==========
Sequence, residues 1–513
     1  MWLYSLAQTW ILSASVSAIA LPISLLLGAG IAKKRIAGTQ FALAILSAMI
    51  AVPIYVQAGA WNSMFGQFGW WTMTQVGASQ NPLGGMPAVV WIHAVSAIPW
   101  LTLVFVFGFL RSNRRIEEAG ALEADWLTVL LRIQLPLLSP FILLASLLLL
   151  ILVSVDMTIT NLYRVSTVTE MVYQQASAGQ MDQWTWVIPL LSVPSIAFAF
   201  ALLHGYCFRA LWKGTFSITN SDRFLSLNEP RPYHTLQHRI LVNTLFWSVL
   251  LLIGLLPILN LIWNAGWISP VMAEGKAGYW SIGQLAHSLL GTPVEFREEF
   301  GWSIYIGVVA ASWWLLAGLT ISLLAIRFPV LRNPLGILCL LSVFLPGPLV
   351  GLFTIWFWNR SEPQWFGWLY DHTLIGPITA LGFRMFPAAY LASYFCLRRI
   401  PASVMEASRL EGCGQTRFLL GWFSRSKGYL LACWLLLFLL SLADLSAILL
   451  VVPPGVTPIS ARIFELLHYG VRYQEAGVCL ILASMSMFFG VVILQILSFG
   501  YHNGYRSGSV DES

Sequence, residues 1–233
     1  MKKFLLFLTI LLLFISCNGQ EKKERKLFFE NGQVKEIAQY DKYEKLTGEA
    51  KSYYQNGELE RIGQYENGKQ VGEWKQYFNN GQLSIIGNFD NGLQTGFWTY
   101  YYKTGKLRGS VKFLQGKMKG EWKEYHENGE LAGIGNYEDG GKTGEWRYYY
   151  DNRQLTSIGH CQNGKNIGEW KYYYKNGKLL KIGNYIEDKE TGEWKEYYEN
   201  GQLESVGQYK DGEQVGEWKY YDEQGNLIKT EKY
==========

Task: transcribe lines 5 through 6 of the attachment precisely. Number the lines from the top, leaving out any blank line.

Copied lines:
   151  ILVSVDMTIT NLYRVSTVTE MVYQQASAGQ MDQWTWVIPL LSVPSIAFAF
   201  ALLHGYCFRA LWKGTFSITN SDRFLSLNEP RPYHTLQHRI LVNTLFWSVL